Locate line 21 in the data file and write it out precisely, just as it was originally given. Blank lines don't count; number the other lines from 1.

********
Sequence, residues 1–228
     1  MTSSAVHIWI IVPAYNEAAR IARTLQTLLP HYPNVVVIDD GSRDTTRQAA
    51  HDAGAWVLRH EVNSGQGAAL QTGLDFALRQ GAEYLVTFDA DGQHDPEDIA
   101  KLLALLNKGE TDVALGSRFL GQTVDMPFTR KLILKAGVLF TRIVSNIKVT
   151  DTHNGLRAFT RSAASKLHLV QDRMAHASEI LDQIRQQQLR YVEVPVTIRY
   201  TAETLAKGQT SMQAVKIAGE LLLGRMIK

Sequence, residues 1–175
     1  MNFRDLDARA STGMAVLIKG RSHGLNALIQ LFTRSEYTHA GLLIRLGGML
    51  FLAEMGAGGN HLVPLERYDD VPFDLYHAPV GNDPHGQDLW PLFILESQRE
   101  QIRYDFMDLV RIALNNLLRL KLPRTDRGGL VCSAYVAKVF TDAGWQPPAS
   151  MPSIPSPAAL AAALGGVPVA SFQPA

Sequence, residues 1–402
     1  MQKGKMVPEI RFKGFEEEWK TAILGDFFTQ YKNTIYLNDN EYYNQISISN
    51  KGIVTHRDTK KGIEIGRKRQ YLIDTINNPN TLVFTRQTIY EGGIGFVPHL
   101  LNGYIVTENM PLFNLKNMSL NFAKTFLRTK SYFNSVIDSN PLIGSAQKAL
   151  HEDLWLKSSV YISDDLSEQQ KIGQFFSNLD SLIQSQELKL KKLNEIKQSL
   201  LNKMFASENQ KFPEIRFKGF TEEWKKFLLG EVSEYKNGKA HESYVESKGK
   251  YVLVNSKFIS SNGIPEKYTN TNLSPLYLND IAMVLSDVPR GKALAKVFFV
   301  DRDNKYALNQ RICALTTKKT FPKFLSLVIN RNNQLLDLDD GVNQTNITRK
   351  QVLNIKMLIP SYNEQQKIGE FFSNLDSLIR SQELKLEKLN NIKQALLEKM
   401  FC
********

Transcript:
   401  FC